In Afghanistan, fighting between Islamic State militants and Taliban insurgents has displaced over 20,000 people in eastern Kunar province recently, according to U.N. officials.
The U.N. Office for the Coordination of Humanitarian Affairs (OCHA) said Thursday that 3,000 families fled their homes, and warned the situation could escalate as the warring sides mobilize more fighters.
“Sporadic clashes continue to be reported in several areas of the (Chapa Dara) district, with indications that both sides are reinforcing positions and continuing to mobilize, while the frontlines remain unchanged,” OCHA reported.
The report warns that efforts by the Afghan National Security Forces could spark renewed fighting as the government tries to push both Islamic State and the Taliban out of the area.
Meanwhile, provincial government officials are working to help displaced families.
“As our survey is still under way, the number of displaced families recorded up until now is around 2,500. Humanitarian aid has already been distributed,” Abdul Ghani Musamim, a spokesperson for the Kunar provincial government, told VOA.
The displaced families, mostly women and children, sought refuge in nearby districts and villages. According to local residents, fighting forced most residents out of three villages – Digal, Korangal and Manar – in Chapa Dara district.
“Only a few families remained in those villages. During the past few days, the area is calm, but people are afraid to return,” Shoaib Gahrwal, a civil activist in eastern Kunar province, told VOA.
Local officials say most of the displaced families are living with relatives, some in makeshift tents.
“We are nine families living in one house now. We fled our home at night. We have received a little aid. The government should pave the path for our safe return to our homes,” Gul Rasool, a local displaced civilian, told VOA.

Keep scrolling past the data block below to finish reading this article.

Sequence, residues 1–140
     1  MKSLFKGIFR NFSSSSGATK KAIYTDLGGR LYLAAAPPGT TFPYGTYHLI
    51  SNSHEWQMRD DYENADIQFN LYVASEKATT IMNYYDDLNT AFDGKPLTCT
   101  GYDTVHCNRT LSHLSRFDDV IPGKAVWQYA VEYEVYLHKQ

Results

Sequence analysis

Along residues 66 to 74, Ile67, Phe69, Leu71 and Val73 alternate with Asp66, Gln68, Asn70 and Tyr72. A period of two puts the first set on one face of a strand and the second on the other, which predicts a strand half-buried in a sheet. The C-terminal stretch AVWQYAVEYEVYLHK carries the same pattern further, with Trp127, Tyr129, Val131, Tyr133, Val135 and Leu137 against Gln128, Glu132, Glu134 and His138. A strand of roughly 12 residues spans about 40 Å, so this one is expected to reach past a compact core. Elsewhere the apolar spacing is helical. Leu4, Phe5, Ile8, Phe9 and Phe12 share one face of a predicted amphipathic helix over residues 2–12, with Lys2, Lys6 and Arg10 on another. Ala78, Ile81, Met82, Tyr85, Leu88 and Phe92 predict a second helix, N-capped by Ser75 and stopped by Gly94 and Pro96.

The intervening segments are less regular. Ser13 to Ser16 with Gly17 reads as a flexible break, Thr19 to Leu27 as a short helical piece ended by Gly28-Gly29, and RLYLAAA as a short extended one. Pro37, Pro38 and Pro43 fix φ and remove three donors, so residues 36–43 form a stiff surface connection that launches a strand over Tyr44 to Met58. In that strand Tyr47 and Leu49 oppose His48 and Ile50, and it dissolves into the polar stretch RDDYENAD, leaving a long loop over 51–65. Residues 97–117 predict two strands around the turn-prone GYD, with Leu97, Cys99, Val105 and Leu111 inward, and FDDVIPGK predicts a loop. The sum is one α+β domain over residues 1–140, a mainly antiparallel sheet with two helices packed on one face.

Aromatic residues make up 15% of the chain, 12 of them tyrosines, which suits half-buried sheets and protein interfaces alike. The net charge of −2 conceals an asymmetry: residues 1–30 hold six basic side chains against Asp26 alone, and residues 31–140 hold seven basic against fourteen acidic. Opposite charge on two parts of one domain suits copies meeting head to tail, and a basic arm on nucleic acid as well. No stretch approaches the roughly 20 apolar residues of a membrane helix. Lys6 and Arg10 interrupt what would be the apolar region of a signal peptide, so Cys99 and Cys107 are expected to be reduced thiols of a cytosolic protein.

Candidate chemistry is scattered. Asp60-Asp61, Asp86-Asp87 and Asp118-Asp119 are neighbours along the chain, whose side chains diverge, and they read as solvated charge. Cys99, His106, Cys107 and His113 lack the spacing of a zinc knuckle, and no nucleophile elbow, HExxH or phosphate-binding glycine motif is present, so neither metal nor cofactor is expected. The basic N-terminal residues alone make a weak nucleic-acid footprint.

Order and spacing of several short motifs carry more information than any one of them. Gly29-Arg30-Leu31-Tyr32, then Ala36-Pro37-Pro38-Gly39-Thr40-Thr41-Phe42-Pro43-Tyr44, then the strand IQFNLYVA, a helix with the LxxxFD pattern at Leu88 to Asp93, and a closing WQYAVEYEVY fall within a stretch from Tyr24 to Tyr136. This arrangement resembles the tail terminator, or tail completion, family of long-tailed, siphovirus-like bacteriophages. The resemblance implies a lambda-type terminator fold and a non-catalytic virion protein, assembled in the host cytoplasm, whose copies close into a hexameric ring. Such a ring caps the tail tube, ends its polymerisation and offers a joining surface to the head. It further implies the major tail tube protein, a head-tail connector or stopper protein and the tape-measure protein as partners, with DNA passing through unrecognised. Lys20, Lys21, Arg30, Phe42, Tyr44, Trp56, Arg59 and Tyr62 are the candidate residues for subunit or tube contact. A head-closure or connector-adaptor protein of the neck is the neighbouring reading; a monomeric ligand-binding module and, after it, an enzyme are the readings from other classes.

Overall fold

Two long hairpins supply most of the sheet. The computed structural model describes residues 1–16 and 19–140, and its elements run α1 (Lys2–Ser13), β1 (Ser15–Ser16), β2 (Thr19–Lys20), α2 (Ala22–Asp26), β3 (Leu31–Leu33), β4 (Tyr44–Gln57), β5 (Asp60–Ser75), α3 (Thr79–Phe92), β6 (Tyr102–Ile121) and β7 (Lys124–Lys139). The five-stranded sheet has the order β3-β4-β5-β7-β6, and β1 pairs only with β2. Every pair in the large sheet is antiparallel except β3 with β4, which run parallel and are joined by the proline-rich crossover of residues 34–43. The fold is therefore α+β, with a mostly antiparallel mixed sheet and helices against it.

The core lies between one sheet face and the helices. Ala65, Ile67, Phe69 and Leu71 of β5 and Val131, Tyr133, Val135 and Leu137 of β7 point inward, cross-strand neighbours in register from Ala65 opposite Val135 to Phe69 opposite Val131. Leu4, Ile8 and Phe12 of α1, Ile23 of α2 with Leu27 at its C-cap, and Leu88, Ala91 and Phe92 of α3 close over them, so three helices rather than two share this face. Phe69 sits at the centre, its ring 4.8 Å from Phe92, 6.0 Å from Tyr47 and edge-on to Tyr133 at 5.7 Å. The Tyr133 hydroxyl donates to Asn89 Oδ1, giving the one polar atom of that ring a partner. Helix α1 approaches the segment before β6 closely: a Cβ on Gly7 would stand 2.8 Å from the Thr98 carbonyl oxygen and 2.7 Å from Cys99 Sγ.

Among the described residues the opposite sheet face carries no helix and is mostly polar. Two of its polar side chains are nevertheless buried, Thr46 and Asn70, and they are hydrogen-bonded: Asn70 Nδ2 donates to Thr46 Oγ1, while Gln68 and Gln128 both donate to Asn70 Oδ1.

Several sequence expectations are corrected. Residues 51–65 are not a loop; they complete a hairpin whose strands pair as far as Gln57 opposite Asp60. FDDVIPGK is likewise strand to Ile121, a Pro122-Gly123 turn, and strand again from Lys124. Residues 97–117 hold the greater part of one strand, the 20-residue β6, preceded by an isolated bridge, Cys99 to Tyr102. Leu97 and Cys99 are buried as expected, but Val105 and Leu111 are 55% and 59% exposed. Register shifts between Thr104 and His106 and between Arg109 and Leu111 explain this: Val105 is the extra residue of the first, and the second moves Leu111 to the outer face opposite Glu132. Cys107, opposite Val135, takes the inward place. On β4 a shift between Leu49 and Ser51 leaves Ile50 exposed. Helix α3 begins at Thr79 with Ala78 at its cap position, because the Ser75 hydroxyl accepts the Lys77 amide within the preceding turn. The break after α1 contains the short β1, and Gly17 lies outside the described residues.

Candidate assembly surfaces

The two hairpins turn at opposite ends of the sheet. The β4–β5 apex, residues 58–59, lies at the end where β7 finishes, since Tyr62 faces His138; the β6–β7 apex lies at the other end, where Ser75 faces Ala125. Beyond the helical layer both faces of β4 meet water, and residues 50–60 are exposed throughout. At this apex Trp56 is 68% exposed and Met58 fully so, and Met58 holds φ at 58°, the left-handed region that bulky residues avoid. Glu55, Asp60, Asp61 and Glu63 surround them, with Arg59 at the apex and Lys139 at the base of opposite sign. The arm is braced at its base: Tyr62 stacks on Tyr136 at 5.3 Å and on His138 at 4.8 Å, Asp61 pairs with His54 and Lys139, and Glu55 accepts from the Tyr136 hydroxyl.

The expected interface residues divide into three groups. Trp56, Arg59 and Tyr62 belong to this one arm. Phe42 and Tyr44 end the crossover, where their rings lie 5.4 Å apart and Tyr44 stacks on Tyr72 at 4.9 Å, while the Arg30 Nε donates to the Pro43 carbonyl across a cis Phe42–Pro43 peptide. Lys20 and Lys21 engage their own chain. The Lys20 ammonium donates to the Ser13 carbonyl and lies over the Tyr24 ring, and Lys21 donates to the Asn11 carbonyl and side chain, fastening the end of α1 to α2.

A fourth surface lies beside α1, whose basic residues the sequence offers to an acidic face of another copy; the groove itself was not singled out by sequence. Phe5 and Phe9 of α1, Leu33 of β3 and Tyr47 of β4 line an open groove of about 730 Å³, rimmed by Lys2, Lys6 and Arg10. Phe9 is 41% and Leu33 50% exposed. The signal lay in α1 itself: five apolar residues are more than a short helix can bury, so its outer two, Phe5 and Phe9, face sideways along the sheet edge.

Twelve-year-old Shafiqa told a VOA reporter that she and her family walked for hours before reaching safety.
“We escaped in the middle of the night. I walked for two hours with my cow until I reached [a relative’s house],” she said.
The disruption brought by the fighting also means thousands of children cannot attend school.
“I miss my school,” said Jawed, a third-grader. The child was with his family from an internally displaced people’s camp in the province.
Afghan security forces have an operation under way to clear the areas of Taliban insurgents and IS militants, according to Musamim.
“Afghan Army forces will continue their operations in eastern Afghanistan, including Kunar and Nuristan province, to provide security and prevent further displacements,” Col. Qais Mangal, a spokesperson for the ministry, told VOA.
Clashes between the Taliban, IS and the Afghan security forces are a continuing issue in eastern Afghanistan, particularly in Nangarhar province.
The province is the traditional stronghold of the IS Khorasan branch that emerged in the country in 2015 and has since made inroads to other parts of the country.